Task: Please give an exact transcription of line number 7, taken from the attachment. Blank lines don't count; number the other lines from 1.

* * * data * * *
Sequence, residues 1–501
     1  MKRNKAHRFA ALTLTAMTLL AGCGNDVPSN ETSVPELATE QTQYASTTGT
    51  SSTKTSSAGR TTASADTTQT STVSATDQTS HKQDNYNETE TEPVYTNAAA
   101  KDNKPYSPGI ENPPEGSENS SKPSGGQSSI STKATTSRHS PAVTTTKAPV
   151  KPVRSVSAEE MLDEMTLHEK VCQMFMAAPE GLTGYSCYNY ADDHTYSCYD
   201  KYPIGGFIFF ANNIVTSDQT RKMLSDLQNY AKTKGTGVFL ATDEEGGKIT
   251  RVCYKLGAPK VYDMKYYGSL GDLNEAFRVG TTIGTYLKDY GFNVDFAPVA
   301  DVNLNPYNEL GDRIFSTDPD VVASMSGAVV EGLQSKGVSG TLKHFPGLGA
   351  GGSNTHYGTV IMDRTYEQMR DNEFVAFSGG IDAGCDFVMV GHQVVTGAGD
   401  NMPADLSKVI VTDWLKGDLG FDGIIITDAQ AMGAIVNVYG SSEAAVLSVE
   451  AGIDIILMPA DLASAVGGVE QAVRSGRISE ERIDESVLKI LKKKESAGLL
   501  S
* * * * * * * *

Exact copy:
   251  RVCYKLGAPK VYDMKYYGSL GDLNEAFRVG TTIGTYLKDY GFNVDFAPVA